The Year 1800, or the Sayings and Doings of Our Fathers and Mothers 60 Years Ago; As Recorded in the Newspapers and Other Periodicals

The Year 1800, or the Sayings and Doings of Our Fathers and Mothers 60 Years Ago; As Recorded in the Newspapers and Other Periodicals

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This historic book may have numerous typos and missing text. Purchasers can download a free scanned copy of the original book (without typos) from the publisher. Not indexed. Not illustrated. 1861 edition. Excerpt: ... was returning to London, near Shooter's Hill, it was attacked by three footpads. The guard being imprudently on the box without his blunderbuss when the coach was stopped, he moved towards the roof of the coach to get it, which the robbers perceiving, discharged at him a pistol containing two balls, both of which entered his body, and wounded him in a dangerous manner. The robbers then secured the blunderbuss, and the passengers were obliged to submit quietly to be robbed of everything of value. The guard was conveyed to Welling, with very little hopes of recovery. (124.) On Sunday morning last the Warrington mail was robbed by a man on foot, about two or three o'clock, between Winwick and Red Bank Hill, who, after a struggle with the post-boy, pulled him off his horse, which the robber then mounted and rode away with the mail towards Winwick Green. The usual reward of 2001. was immediately offered for his apprehension. From the circumstance of a pistol, cap, plate, and feather being found near the spot, it is supposed that the robber belongs to the Queen's own Regiment of Dragoons; it is also supposed he had his own horse near the place, as the post-boy's horse was left at a short distance, and a man of the above description passed through the toll-bar at Lane-head. This is the third time the same mail has been robbed within twelve months. (125.) Some days ago a French priest was attacked by a footpad on the Edgeware Road, who, not content with the few shillings he had about him, insisted on his coat, alleging it was superior to his own; the exchange was no sooner completed than the priest ran, so did the thief, vociferating to him to stop, but in vain, fearing he meant to ill use him. On reaching a public street, the thief gave up the pursuit, ...show more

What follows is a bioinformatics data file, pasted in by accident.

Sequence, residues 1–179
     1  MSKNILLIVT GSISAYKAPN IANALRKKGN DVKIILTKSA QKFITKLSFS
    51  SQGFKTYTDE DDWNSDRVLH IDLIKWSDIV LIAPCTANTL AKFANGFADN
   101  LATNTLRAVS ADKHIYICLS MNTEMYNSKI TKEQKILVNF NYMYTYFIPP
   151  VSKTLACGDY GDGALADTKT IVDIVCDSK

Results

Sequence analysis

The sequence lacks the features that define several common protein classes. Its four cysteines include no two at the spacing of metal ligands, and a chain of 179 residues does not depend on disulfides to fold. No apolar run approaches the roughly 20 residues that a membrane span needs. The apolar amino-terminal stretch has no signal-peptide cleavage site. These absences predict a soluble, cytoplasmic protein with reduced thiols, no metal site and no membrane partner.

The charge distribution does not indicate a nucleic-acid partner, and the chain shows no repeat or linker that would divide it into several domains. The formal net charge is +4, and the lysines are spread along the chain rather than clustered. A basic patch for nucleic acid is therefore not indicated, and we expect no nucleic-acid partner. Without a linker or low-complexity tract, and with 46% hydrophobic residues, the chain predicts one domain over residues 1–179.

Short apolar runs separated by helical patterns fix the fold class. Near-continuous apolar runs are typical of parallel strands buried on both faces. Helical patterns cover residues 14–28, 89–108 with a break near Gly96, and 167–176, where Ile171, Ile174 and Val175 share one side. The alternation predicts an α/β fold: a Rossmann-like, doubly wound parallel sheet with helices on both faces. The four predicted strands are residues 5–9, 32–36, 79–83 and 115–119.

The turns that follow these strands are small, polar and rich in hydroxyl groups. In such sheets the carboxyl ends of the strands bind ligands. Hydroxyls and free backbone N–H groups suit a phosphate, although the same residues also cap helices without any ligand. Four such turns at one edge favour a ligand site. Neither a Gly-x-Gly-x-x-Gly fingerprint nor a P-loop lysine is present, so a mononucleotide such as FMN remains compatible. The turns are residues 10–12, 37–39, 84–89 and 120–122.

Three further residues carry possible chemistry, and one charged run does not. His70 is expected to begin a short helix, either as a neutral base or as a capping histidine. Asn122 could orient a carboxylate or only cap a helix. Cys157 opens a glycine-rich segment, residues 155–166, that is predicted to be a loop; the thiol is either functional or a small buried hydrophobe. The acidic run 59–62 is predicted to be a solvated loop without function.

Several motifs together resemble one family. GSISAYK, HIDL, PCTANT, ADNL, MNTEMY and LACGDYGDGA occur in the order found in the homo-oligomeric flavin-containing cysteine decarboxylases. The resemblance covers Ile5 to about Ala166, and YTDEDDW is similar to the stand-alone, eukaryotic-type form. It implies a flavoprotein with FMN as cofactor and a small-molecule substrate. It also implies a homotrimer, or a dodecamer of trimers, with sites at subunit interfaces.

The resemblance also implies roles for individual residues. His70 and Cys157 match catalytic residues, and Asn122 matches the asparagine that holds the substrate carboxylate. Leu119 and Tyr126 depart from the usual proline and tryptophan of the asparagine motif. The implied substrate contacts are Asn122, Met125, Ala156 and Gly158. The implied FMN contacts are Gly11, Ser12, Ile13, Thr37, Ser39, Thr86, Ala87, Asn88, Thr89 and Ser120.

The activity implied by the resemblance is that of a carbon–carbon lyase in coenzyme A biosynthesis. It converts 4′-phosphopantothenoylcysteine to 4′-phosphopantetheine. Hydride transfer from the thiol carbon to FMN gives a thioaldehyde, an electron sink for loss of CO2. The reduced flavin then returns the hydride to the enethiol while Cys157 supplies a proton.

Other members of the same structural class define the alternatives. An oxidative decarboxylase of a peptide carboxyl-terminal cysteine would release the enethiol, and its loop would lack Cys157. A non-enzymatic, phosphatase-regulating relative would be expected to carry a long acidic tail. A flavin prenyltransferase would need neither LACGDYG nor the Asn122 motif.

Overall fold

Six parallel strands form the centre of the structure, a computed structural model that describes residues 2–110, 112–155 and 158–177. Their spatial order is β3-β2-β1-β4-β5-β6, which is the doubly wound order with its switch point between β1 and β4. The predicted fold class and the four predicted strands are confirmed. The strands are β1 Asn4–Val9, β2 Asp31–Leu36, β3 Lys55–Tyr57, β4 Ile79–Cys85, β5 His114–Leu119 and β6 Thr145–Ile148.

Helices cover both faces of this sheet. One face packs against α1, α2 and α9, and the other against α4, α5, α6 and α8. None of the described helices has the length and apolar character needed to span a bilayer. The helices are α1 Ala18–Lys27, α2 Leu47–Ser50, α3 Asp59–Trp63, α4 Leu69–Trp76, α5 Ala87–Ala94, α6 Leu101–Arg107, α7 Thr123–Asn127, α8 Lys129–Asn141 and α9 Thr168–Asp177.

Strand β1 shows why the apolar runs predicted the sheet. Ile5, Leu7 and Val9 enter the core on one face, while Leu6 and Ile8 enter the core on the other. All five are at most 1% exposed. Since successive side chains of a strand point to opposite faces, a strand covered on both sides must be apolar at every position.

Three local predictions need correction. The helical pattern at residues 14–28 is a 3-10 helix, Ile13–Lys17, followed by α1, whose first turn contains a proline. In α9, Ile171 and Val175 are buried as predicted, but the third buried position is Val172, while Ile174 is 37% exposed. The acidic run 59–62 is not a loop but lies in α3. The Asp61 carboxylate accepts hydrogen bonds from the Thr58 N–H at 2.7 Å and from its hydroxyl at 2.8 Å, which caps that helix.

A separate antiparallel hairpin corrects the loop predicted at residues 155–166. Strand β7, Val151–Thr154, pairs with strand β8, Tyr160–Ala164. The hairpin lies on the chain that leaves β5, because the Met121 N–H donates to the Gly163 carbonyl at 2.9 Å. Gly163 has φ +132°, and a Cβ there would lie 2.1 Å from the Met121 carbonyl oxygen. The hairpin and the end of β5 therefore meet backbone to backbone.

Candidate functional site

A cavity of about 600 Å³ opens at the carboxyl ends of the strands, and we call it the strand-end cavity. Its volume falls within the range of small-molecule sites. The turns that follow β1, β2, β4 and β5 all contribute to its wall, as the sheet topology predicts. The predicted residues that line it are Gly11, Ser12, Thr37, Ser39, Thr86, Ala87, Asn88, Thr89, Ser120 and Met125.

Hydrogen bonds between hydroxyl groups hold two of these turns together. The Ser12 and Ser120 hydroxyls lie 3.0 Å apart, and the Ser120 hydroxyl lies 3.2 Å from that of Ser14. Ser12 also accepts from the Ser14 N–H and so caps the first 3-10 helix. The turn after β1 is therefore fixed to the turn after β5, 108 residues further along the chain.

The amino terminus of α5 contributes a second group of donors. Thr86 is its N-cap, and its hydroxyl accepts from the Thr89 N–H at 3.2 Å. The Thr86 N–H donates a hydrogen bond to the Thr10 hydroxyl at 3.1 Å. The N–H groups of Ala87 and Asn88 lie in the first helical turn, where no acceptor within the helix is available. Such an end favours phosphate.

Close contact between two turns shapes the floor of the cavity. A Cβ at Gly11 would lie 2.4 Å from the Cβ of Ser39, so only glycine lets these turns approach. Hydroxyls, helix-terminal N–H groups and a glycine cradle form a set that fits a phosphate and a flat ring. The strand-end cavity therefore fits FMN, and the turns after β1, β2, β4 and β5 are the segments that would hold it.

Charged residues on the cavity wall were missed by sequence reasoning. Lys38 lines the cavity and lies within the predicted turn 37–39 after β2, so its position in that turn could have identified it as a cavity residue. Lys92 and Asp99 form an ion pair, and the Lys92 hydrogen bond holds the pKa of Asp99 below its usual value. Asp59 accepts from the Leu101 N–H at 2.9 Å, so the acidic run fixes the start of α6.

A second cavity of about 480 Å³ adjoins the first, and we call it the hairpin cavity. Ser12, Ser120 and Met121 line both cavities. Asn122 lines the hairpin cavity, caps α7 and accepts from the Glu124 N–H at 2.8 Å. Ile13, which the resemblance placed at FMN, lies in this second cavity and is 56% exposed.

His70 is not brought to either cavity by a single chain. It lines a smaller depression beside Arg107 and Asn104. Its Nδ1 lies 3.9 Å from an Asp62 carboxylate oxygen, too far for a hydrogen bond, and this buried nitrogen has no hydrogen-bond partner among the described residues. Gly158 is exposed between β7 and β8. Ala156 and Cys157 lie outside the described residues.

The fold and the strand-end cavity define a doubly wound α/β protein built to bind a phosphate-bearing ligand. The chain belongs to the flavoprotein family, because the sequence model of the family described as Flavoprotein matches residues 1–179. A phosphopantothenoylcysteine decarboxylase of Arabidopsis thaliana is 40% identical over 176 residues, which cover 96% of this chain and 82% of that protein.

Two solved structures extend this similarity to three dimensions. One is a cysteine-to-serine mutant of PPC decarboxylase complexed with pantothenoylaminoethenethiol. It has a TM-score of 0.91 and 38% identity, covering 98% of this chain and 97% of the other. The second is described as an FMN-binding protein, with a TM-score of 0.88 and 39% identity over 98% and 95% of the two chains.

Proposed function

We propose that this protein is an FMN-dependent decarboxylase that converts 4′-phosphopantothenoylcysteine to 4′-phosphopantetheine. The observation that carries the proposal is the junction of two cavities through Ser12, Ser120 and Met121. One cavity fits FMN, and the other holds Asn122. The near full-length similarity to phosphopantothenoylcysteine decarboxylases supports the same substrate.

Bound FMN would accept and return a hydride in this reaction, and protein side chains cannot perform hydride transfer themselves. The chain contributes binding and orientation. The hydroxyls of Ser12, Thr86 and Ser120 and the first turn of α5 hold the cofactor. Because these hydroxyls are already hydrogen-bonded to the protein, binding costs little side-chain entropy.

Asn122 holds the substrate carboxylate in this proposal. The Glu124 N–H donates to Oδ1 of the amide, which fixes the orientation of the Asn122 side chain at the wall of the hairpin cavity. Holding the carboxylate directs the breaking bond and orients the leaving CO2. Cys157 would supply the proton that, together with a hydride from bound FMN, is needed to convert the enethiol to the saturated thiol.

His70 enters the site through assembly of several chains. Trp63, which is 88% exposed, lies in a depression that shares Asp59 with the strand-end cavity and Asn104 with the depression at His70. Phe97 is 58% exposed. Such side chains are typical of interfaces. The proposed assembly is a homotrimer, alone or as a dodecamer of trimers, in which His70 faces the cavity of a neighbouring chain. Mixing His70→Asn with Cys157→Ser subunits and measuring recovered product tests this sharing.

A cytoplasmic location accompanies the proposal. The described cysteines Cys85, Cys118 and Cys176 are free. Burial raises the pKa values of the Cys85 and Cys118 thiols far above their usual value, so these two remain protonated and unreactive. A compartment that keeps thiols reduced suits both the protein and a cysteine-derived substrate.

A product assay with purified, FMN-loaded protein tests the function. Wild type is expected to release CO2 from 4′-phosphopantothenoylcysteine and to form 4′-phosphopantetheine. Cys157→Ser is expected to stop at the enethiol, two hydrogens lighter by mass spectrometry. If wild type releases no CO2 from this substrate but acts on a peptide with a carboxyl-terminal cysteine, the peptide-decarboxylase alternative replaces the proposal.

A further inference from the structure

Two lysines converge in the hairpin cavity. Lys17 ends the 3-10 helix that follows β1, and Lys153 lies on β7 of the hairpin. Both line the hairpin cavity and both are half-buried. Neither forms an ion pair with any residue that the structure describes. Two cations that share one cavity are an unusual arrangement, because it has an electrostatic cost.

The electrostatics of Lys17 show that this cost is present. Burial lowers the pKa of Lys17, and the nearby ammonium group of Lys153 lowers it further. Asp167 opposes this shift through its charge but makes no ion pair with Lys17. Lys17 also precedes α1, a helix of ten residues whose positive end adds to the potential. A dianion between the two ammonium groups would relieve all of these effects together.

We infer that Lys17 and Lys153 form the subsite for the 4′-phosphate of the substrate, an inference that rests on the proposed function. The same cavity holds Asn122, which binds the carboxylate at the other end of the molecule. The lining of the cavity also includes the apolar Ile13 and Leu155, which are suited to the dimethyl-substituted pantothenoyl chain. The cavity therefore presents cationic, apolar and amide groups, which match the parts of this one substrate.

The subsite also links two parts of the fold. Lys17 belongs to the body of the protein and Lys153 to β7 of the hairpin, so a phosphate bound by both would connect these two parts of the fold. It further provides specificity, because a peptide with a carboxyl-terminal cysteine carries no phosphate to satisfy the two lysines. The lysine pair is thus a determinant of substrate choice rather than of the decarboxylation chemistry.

Product details

  • Paperback | 90 pages
  • 189 x 246 x 5mm | 177g
  • Rarebooksclub.com
  • Miami Fl, United States
  • English
  • black & white illustrations
  • 1236545338
  • 9781236545336